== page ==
A boy in an oversized black t-shirt proclaiming “Got Science?” darted across Davies Auditorium, stopped in front of a table laden with fruit, donuts and drinks, and grabbed a sugar donut in one hand and a Snapple the other.

He was a participant in the ‘Science Saturdays,’ a program that takes place every Saturday during the months of October and April. This past Saturday, students of all ages, their parents and community members came from all over New Haven and even as far as Queens, New York, to hear associate professor William Mitch give a lecture entitled, “What’s in your Glass of Water?”

The lecture was the second of the semester in the ‘Science Saturdays’ lecture series — the brainchild of Ainissa Ramirez, associate professor of mechanical engineering, who created the program in 2004 to bring research ongoing at Yale to the lay public.

Mitch spoke to an audience of over 100 on the topic of water, focusing on why and how waste water is treated and its impact on both humans and the environment.

Before the lecture began, however, students had time to mill about, eating breakfast and eagerly swapping surveys for raffle tickets. Students who filled out surveys handed out during the lecture, which contained questions about the lecture held the previous weekend, were entered into a raffle. Three winners won t-shirts, and one lucky student went home the proud owner of an iPod shuffle. These surveys help provide funding for the program, according to coordinator Patty Wooding, who began working for the program this year.

In the meantime, there was plenty to keep students busy. A demonstration table, with all kinds of scientific marvels — including a microscope, slides of flowers and bugs for students to examine, magnets, and even stuffed animal versions of viruses — on display, was available for the students’ entertainment.

The virus critters were an especially big hit: One student picked up one that looked like a grayish blob and shouted gleefully, “Look, Mom, I’ve got polio!”

Three Yale undergraduates, whose own interest in science had led them to volunteer at the event, staffed the demonstration table.

“It’s a lot of fun,” said Bryan Pitt ’12. “Kids are lots more fun to work with than grown people because [grown ups] have lost their questioning personality. It keeps you on your toes.”

When it was time for the lecture to begin, reluctant students were ushered away from the food and demonstrations and into the lecture hall.

Mitch’s talk inside centered on the unfounded fear many have of tap water, stressing­ that it is very similar to bottled water — but distinguishing it from its dirtier counterpart, ‘waste water,’ water that has been used.

“I think it’s important for people to understand where water comes from and to counteract false ideas about tap water,” Mitch said. “When people understand where their water comes from, and why, they’ll be less afraid.”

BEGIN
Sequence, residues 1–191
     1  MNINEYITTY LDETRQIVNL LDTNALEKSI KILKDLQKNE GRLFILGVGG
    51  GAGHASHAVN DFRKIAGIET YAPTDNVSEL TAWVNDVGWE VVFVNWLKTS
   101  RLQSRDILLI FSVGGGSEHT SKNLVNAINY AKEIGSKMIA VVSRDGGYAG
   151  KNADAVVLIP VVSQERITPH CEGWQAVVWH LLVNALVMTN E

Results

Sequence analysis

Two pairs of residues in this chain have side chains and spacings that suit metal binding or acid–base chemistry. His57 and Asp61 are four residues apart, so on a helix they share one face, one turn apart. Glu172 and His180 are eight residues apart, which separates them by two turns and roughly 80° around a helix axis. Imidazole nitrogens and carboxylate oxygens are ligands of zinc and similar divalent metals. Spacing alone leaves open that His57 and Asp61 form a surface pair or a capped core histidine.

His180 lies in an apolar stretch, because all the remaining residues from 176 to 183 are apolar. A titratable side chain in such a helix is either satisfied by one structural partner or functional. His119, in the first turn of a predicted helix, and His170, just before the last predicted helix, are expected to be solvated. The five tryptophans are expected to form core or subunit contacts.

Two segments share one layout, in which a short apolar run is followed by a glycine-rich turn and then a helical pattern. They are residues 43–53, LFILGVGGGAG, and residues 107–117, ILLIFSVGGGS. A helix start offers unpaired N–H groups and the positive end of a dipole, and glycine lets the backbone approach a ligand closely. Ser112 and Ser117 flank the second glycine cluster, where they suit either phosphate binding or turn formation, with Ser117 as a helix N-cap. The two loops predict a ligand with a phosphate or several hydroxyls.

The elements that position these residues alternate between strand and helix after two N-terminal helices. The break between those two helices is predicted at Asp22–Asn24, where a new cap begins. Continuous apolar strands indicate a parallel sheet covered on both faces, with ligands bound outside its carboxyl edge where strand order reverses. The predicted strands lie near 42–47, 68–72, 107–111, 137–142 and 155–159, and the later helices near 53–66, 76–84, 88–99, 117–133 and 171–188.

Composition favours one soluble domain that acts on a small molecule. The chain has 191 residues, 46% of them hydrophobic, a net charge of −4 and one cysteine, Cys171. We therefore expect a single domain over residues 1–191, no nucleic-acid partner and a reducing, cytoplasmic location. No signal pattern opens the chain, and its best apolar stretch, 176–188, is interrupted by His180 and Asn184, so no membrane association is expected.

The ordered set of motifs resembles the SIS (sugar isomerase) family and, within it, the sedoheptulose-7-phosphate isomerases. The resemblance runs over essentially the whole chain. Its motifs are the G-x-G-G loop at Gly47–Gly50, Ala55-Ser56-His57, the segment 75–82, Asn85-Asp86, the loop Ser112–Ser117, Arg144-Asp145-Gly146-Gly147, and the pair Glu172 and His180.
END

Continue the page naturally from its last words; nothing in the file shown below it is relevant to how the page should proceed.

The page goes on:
Mitch’s presentation drew upon examples from a variety of locations­: He discussed water quality right here in New Haven and in places as far away as El Rosario, Honduras, where Yale Engineers without Borders traveled to help with a water shortage.

Toward the end of the lecture, Mitch explained that bottled water, despite its devoted following, is actually no more than “glorified” tap water.

“I don’t think bottled water is really necessary,” he said, at which point many audience members eyed their own water bottles suspiciously.

Bottled water, unlike tap water, doesn’t contain the taste of chlorine — but something as simple as adding lemon juice to tap water can achieve the same function, he said.

At one point, before continuing with his experimental demonstration, Mitch even had an adult audience member come forward to sniff a beaker of hydrogen sulfide, produced when water rusts — to verify that the substance does indeed smell foul.

The goal of the ‘Science Saturdays’ lecture series, Ramiraz explained, is to get students excited about science and show them science can be fun.

Ramirez added that despite common perceptions, the field is actually very diverse.

“I want [the kids] to see science as something they can do, something that they can aspire to,” she said.

Judging by the number of families who approached Mitch after the lecture to ask individual questions, it seemed the lecture did indeed bridge this scientist-layperson divide.

Ramirez said that while the program was initially created with New Haven residents in mind, Elis can benefit just as much as community residents from the lectures.

“I hope Yale students decide to get involved,” she said. “Even though it is a target outreach program, it allows them to see who the cool professors are without having to take the course.”